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Traditions!

Y’all know how much I love lists, but there is one thing for which I don’t need a list: our Christmas morning traditions. It’s been pretty much the same since I was a kid. My own kids have taken over waking up their parents way too early.

Christmas stockings are placed by the side of the beds before Santa (aka Mom) goes to bed on Christmas Eve. When I was a kid, we were allowed to open our stockings whenever we woke up–even if it was 3 a.m.! Our kids usually wait until 7 or so and bounce on our bed with their stockings. We groggily open them together, then read/recite the Christmas story from Luke 2. The recitation usually comes from the KJV because that’s the way I memorized it years ago.

After reliving the REAL reason for the season, we troop (or race, depending on the age!) to the tree. Instead of a free for all, the dad (my hubby or my dad, if we’re together) hand out presents a few at a time. That way we can enjoy the opening process and see what each other received. That’s also a good way to stretch out the presents.

As we open our gifts, I make a list of who received what from whom so proper thank you notes can be written. We also munch on the Chex mix and other goodies that were in our stockings. That’s usually our breakfast (hey, it’s just cereal minus the milk!).

Then we laze around and I work on a nice dinner. We usually call the family members who aren’t with us and try to Skype my brother and his family, who live overseas.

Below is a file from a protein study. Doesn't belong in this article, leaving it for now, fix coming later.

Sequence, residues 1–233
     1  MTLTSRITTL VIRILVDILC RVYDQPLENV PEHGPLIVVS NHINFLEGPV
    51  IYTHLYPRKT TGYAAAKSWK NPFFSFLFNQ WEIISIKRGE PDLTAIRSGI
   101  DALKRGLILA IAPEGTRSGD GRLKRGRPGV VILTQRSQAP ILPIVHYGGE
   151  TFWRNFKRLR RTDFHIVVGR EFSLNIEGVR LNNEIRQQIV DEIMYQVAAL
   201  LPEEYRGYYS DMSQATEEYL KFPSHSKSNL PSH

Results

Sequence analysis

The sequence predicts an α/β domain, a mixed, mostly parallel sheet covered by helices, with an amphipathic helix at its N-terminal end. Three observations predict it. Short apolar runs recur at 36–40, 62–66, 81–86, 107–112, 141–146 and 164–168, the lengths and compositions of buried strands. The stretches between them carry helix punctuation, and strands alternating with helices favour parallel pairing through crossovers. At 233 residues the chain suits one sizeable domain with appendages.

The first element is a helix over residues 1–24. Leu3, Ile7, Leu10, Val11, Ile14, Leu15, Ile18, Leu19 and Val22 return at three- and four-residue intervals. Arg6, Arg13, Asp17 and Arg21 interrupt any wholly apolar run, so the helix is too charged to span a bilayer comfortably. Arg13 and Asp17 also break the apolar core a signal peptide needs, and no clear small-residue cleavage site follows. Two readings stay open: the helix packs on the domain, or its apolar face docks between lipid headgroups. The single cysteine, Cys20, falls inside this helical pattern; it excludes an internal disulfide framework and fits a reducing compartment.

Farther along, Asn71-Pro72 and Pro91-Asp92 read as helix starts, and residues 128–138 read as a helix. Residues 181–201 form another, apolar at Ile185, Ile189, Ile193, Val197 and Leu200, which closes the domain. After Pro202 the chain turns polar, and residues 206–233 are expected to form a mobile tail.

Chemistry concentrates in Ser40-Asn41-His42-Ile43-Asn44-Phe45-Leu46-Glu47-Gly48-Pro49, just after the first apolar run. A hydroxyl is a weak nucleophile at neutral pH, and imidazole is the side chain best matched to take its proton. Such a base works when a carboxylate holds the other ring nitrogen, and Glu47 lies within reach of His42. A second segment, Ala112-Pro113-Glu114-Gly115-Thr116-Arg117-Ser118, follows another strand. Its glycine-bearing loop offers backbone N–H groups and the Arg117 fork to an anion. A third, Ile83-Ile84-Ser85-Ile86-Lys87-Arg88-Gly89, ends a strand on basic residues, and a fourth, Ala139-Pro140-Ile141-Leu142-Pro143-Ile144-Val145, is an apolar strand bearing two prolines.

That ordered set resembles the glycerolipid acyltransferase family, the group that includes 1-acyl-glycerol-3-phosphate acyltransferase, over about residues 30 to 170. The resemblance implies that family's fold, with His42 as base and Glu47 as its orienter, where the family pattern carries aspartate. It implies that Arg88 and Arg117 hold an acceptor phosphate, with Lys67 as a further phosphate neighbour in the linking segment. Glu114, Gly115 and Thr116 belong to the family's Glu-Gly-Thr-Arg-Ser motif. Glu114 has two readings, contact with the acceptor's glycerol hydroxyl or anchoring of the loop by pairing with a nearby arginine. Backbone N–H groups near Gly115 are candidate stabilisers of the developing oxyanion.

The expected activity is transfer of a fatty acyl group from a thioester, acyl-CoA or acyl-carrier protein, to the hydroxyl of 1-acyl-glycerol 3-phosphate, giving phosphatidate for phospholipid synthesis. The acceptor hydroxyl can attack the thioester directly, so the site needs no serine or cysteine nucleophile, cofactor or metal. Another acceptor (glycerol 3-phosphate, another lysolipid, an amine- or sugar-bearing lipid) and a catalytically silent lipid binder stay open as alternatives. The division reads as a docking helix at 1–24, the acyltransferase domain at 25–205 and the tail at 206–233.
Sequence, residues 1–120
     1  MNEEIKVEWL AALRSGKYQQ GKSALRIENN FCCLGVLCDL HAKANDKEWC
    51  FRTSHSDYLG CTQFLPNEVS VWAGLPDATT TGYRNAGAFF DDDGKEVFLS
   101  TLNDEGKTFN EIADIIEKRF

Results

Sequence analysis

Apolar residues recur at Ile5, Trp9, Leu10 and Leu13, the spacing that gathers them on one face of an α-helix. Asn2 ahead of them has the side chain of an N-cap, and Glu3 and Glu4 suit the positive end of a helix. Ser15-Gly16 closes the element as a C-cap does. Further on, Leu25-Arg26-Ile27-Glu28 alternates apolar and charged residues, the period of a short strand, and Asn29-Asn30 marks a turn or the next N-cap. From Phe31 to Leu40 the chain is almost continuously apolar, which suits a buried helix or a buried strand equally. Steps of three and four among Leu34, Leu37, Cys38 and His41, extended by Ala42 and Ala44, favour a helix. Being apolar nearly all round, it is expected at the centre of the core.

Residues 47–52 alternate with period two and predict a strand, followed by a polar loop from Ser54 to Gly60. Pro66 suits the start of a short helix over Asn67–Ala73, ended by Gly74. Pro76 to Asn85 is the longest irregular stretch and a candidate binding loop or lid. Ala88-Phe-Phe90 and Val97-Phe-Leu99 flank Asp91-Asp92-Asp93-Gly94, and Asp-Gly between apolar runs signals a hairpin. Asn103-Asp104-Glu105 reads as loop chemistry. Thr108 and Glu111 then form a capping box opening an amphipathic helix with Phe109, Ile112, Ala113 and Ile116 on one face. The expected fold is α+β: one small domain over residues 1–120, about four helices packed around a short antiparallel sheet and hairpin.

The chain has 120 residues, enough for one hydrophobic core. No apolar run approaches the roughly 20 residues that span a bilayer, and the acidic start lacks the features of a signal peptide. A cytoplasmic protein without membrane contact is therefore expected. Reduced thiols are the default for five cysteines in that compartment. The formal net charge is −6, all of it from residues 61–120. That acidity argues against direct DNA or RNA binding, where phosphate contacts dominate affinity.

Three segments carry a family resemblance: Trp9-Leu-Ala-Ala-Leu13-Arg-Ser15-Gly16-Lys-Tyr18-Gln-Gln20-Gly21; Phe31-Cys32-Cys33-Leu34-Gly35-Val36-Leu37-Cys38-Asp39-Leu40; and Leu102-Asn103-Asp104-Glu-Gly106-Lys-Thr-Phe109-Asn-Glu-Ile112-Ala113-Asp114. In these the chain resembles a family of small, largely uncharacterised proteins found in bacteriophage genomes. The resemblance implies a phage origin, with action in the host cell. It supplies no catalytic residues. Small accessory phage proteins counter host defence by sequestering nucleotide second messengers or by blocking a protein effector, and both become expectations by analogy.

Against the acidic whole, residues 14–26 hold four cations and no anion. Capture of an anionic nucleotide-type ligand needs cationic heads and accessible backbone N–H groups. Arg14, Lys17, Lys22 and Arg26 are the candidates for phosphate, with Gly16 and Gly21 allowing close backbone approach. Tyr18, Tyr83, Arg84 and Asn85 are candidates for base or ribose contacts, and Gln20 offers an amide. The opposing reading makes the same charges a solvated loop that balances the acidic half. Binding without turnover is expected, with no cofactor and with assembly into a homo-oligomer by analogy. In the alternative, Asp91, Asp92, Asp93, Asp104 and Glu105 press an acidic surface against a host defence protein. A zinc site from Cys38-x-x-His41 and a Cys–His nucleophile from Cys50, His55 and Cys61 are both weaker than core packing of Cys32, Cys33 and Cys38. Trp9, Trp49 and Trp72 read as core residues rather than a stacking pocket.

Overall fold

Q4U: What are your favorite Christmas traditions?

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The 12 Days of Homeschooling

The Twelve Days of Homeschooling

On the first day of homeschooling, my mother gave to me a calendar filled with dates.
On the second day of homeschooling, my mother gave to me two timers.
On the third day of homeschooling, my mother gave to me a three-hole punch.
On the fourth day of homeschooling, my mother gave to me four binders.
On the fifth day of homeschooling, my mother gave to me five red pens.
On the sixth day of homeschooling, my mother gave to me six bookshelves.
On the seventh day of homeschooling, my mother gave to me seven pretty baskets.
On the eighth day of homeschooling, my mother gave to me eight letter stacking trays.
On the ninth day of homeschooling, my mother gave to me nine lesson plans.
On the tenth day of homeschooling, my mother gave to me ten lengthy lists.
On the eleventh day of homeschooling, my mother gave to me eleven paper clips.
On the twelfth day of homeschooling, my mother gave to me twelve new books.


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Put Your Wrapping Paper Under Wraps

[rubbermaid+containers.jpg]If you have cute, matching, Rubbermaid storage containers for your wrapping paper, bows, ornaments, tree lights, and table decorations, stop reading right now. You heard me! You don’t need me if you’ve got red and green plastic storage totes. This post is for those of you who spend ten minutes digging out the crumpled wrapping paper from under the bed. This post is for those whose cardboard boxes fall apart in the garage as you’re lugging them towards the kitchen. This post is for those of you whose bow collection has multiplied in more places than dust bunnies. You know who you are.


Let’s just get today’s confession out of the way right now. My wrapping paper rolls are not in a special, long plastic container. My bows are not in a red box. My decoration storage boxes do not all match each other. Phew! That almost hurt to type! But, I want you to know that you can get your wrapping paper, bows, tags, and decorations under wraps without spending a fortune at The Container Store (even though that would be really fun!).